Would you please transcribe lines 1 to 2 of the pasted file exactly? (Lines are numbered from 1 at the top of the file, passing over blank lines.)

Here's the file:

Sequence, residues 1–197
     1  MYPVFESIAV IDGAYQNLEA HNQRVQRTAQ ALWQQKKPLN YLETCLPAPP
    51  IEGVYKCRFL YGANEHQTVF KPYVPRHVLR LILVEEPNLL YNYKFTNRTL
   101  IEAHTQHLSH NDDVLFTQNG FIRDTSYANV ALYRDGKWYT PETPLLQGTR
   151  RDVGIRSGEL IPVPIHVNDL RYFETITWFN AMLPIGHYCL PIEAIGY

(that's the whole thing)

Sequence, residues 1–197
     1  MYPVFESIAV IDGAYQNLEA HNQRVQRTAQ ALWQQKKPLN YLETCLPAPP